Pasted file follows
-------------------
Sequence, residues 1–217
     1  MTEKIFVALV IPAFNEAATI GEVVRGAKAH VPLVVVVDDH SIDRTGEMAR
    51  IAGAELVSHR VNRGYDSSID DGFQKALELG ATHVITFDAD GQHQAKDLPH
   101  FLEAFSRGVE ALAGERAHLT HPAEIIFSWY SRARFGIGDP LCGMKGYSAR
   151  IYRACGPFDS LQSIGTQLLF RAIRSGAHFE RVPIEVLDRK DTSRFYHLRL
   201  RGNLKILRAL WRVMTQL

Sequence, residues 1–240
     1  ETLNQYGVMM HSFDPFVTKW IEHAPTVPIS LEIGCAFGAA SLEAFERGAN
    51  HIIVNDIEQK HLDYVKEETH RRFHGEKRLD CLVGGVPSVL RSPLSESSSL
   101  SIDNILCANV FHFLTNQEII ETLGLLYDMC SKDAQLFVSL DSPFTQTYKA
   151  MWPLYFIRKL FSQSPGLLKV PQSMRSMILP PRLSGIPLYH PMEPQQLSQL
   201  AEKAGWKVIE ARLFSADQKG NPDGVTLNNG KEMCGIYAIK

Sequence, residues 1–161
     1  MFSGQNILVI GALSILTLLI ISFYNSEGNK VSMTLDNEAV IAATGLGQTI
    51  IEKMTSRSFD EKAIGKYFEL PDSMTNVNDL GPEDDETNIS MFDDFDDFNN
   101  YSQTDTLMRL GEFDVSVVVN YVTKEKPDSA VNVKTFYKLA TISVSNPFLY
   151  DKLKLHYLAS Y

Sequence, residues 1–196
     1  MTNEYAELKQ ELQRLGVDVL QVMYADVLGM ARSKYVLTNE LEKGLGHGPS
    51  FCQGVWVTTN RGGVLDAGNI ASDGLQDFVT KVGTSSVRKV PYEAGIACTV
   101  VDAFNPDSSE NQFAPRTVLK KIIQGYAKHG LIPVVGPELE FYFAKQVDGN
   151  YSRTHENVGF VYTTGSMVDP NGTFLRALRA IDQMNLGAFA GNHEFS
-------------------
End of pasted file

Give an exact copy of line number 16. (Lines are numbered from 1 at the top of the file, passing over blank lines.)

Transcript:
   101  YSQTDTLMRL GEFDVSVVVN YVTKEKPDSA VNVKTFYKLA TISVSNPFLY